The Orioles are quite bad. This we know. For the majority of the season, they have been bad at hitting, pitching, and fielding alike.
Once in a while, though, one of those facets comes through with a gem, temporarily outweighing the badness of the other two. Tonight was one of those nights, as the O’s pitching staff delivered its fifth shutout of the season to overcome a quiet offense and sloppy defense.
I will start by describing, in rigorous detail, all the runs that were scored in the first five innings of this game. So grab a coffee, get comfortable, settle in, and...oh, I’m done.
There was a whole lot of nothing for the first half of the contest, as Yefry Ramirez and Martin Perez were locked in what some would call a pitcher’s duel, and what others would call two terrible offenses making not-great pitchers look dominant.
On the Orioles’ side, Ramirez was making his fourth major league start, and while he again didn’t crack the five-inning mark, he made the most of those frames. Ramirez blanked the weak Rangers offense for his entire night, racking up a career-high seven strikeouts in that span.
It wasn’t always smooth sailing. Ramirez labored for 26 pitches in the first inning despite facing only four hitters, going to six pitches on three of them. He struck out No. 3 and No. 4 hitters Nomar Mazara and Adrian Beltre to strand a runner in scoring position. In the second, Ramirez threw another 24 pitches, but again he escaped a jam. With two runners aboard, he retired Joey Gallo on a foul pop and fanned Delino DeShields.
Ramirez settled down from there, facing just 10 batters in the next three innings, but his exhausting early innings meant he wouldn’t get to start the sixth at 94 pitches. Still, a pretty impressive job by Yefry, who allowed only five baserunners.
Meanwhile, the Orioles’ offense once again allowed a struggling opposing pitcher to have his best game of the season. That’s become a common theme. This time it was Perez, who entered the game with a 9.67 ERA in five starts and was just coming off the DL with a sore elbow. Perez had only one quality start this season, a six-inning, two-run outing April 22.
Tonight, he breezed through the Orioles’ lineup. Funny how that happens! Perez was particularly good at inducing double-play grounders, which he did not once, not twice, but thrice. (I love the word “thrice.” People should use it more often.) In the first, with two runners aboard, Adam Jones grounded into an inning-ending double play. In the fourth, Mark Trumbo was the double-play victim, and in the fifth, it was Chris Davis. In between, Perez struck out three batters in a scoreless second and third.
After the Orioles turned to the bullpen in the sixth, with Brad Brach tossing a scoreless frame, the Rangers stuck with Perez and his minuscule pitch count. The O’s finally got to him in the sixth. Perez got himself into trouble with a leadoff walk to Caleb Joseph. Then Tim Beckham chopped a check-swing bleeder down the third-base line. Adrian Beltre, in his haste to make a quick pickup and throw, fired the ball wide of first base. That allowed Joseph to advance to third.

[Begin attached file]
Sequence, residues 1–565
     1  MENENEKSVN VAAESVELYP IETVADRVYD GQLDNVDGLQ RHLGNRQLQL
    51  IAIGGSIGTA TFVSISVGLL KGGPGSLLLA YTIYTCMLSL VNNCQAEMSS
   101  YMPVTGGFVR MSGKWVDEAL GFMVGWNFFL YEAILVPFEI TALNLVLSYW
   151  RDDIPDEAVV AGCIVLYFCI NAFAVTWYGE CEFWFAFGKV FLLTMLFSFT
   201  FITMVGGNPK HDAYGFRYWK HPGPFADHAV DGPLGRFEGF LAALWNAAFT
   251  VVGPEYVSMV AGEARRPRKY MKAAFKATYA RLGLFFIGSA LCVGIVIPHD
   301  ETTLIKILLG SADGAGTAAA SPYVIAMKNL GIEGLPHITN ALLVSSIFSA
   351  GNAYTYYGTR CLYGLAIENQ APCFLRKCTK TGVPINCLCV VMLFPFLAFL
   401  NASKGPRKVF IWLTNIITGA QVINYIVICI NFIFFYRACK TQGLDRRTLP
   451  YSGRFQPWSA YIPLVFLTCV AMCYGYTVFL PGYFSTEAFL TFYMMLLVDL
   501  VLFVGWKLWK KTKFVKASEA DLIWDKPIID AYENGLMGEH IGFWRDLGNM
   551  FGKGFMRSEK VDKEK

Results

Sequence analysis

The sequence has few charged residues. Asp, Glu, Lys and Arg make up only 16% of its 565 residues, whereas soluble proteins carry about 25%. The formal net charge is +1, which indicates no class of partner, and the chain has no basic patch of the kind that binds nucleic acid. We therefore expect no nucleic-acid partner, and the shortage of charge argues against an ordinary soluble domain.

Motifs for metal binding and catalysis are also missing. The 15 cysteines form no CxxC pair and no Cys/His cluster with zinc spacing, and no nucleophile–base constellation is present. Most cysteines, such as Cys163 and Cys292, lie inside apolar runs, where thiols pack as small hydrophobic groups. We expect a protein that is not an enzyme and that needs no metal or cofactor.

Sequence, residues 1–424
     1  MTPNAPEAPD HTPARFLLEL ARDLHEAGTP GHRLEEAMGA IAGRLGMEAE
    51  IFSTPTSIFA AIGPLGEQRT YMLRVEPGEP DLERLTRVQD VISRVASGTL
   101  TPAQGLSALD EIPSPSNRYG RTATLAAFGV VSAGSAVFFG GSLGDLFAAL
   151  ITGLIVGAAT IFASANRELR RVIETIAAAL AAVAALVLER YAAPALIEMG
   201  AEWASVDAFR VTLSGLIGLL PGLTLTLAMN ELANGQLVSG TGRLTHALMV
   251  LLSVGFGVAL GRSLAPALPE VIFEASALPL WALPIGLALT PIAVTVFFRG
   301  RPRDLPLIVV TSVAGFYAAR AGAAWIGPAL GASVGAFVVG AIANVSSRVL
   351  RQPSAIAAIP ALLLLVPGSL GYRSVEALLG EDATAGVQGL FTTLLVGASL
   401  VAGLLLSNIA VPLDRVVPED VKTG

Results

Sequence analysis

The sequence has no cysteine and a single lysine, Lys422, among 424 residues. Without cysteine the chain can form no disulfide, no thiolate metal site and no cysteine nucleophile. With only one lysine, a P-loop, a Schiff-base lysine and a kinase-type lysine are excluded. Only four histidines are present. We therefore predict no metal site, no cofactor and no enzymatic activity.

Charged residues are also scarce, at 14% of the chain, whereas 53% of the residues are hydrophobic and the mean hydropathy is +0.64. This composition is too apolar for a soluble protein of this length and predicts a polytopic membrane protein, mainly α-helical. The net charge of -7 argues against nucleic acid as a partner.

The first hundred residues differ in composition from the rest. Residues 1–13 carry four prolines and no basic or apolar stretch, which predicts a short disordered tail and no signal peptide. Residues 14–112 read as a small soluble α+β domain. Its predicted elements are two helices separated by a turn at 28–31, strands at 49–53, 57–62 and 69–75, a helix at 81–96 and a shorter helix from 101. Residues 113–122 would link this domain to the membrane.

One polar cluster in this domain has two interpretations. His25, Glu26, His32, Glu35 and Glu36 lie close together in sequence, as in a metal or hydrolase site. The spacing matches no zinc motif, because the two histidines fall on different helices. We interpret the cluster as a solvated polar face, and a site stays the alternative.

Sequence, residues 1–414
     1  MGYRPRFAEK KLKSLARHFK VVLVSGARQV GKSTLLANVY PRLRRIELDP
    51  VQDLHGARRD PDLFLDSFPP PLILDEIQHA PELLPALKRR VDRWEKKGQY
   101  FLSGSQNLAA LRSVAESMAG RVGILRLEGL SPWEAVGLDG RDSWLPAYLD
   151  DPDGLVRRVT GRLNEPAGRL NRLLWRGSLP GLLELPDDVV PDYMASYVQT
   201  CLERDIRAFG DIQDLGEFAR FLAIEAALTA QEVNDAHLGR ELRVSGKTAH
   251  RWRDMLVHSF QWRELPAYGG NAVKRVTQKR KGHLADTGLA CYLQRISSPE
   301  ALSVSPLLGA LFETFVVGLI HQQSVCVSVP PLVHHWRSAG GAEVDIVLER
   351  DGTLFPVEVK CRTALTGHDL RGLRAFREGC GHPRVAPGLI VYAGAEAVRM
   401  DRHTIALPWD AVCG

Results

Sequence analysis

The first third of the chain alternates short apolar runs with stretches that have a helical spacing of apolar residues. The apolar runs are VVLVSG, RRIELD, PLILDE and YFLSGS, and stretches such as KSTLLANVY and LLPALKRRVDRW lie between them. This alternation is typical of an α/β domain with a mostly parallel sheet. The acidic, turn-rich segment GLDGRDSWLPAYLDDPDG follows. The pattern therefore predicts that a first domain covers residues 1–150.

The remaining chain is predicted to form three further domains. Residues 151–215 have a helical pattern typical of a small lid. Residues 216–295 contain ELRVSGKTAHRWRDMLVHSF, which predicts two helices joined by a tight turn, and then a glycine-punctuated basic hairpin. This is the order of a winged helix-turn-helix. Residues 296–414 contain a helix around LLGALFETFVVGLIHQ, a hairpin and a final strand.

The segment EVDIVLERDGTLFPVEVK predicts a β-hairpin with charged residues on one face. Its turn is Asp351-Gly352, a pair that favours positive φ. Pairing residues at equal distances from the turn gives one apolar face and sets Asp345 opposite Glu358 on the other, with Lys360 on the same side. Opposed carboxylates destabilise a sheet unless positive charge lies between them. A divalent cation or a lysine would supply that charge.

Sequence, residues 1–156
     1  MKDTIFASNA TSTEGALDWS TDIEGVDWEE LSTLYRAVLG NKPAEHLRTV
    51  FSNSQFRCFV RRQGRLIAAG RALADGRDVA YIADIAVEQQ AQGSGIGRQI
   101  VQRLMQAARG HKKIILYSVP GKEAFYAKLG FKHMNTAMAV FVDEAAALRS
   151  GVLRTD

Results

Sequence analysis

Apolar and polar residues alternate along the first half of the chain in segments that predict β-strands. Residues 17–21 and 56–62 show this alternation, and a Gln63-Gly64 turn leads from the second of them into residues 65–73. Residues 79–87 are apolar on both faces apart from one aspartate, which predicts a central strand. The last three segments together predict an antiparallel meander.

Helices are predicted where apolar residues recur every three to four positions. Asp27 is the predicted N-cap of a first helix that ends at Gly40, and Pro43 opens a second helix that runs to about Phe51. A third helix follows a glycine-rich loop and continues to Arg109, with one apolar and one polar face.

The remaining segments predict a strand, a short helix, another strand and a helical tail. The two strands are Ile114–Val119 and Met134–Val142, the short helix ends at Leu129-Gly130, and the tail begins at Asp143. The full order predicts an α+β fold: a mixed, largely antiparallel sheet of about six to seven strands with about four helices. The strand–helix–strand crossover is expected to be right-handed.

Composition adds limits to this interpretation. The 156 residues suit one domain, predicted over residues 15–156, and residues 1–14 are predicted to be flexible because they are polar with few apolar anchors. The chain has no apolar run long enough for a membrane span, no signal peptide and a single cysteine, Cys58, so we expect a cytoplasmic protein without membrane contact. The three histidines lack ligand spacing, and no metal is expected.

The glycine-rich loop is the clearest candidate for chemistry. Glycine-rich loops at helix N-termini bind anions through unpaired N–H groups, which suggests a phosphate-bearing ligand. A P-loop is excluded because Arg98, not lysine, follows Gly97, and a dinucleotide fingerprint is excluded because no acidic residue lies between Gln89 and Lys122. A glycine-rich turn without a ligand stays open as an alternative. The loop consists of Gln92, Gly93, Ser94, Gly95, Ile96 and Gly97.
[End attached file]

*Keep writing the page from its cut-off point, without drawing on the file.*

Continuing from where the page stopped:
All the O’s needed was a fly ball, and they got one, courtesy of Jonathan Schoop. His sac fly to deep center plated Joseph with the game’s first — and, as it would turn out, only — run. A Manny Machado single and another Rangers error put two runners in scoring position, but the Birds couldn’t cash them in, as Jones’ blistering line drive was caught by leaping shortstop Elvis Andrus before Trumbo grounded out.
Perez ended up working seven innings, throwing 91 pitches and giving up one run on five hits. He threw fewer pitches in seven innings than Ramirez did in five.
The Orioles’ bullpen set out to protect the slim lead, and they succeeded, though with little help from their defense. Donnie Hart and Mychal Givens combined on a scoreless seventh before things got dicey in the eighth.
Shin-Soo Choo led off with a single and was replaced by pinch-runner Isiah Kiner-Falefa. So many hyphens in that sentence! Then, Andrus hit a soft liner toward second. Schoop, seeing Kiner-Falefa freeze at first base, decided to let the ball drop and try to get a double play by going first to second. But his throw to first was a bit wide of Davis and both runners were safe. Just an ugly play. The Orioles, it seemed, were determined to lose this game.
But the Rangers, it should be said, are also very good at losing games. No sooner had the Orioles given them a gift than the Rangers returned the favor. Givens caught Kiner-Falefa napping off second base and picked him off with a snap throw to Machado. Thanks for the free out, guys! Now with a little more breathing room, Givens retired the next two hitters to preserve the lead.
The ninth inning was Zach Britton time, and he continues to look better with each passing day. Just in time for the trade deadline! Britton picked up two easy outs, including a strikeout of a hapless Ryan Rua, before temporarily losing control. He walked Robinson Chirinos on four pitches and then bounced a pitch way in front of the plate that advanced the possible tying run to second. But Britton rebounded to strike out Gallo, and an improbable Orioles 1-0 win was in the books.
Who says this team can’t be watchable for a night?
Who was the Most Birdland Player for Saturday, July 14?
This poll is closed
Yefry Ramirez (five shutout innings, seven strikeouts)
Mychal Givens (1.1 scoreless innings, clutch pickoff)
Jonathan Schoop (drove in O’s only run with sac fly)
Zach Britton (scoreless ninth, two strikeouts)